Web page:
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Many Chances, Same Results - My Struggle With Alcohol

by Jason
(FL)

I am going on 10 years of marriage and I love my wife and kids more than anything in the world yet I still drink. I am not violent, I am very involved with my kids and I am a good dad.


I don't go out often but when I do its to the point I black out. For my whole life it has been the same thing - get drunk, live the moment, and narrowly escape trouble. I have been pulled over many times and always got away. How many more chances do I have?

There is alcoholism and depression in my family and I fear how I will end up. I have given my wife many sleepless nights either by not coming home or coming in at 4-5am. She has threatened me with divorce, separation, and the possibility of not seeing my kids yet it doesn't phase me.

I have a great job, new house, and money in the bank yet I still push forward with the same lifestyle. I hate putting her through this yet she is still here. I can't say I will not drink again or if I will still continue the same pattern but what I can say is that I will not drink today, we will see about tomorrow. Day by day.

Comments for Many Chances, Same Results - My Struggle With Alcohol

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Jul 15, 2011
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You have been lucky so far...
by: Anonymous

I was on the other end of this situation for 6 years. My husband skated by too. No dui's, I didn't leave him, he had a high paying job and we had a nice home and family. When I had finally had enough I divorced him. It took 5 years, but he slowly lost his home, his new fiancee, custodee of his two daughters, and was in rehab 5 times and hospitalized more times than I can count. He was pretty confident before we divorced. But I was enabling him to continue to live a semi normal life and still drink like he did. Now he is in a 1 year treatment program with no outside contact. Before that he was pretty much homeless. I hope you are ok now. The messages I read were from a while ago. Please get help and don't end up like my ex.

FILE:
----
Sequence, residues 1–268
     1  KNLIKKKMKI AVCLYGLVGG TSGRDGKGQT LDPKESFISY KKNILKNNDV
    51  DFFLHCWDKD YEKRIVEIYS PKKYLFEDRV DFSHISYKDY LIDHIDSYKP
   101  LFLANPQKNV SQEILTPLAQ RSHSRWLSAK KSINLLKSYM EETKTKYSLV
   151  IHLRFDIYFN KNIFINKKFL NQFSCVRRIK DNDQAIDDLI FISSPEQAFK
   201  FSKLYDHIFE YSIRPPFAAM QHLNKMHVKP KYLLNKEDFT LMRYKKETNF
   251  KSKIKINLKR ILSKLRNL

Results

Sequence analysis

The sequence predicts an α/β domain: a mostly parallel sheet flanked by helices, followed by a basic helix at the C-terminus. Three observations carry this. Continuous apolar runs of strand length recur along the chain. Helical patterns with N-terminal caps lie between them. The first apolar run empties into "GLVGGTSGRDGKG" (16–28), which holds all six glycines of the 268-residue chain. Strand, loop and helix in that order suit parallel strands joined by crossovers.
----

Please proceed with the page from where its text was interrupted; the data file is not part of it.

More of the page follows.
Feb 09, 2010
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Life Is Better Sober
by: Anonymous

I have been married to my husband for nine years. We have two beautiful, young children. My husband drinks vodka about three or four nights per week and lies about it and denies it. When I confront him about it, he takes off and doesn't answer the phone or my texts and comes home whenever he wants. Many times when I have to work the next morning. I, too, stay up worrying about him, not only because I love him, but also because I need to go to work and need to know if he is coming home so I can make arrangements for my kids. It is very selfish of him and I am starting to resent him for all the nights he takes from me and the kids. All the peaceful sleep I am missing. Even though my husband used to be what I considered the "perfect husband" and is still involved with the kids when he is not drinking, he spends so much of the time drinking that I am miserable and I resent him for it. I get nervous pulling into my driveway from work, wondering what kind of state he will be in. My husband just got out of a one week inpatient alcohol treatment facility and he is already back at the drinking and lying. Please, if you know you have a problem, you should seek help and take it seriously, like I wish my husband would. Alcoholism is such a waste of life. Life is much better lived sober. It is only a matter of time before your wife has had too much and follows through with her threats. I never thought I would want to live a life without my husband, but now I am starting to think that is what I need.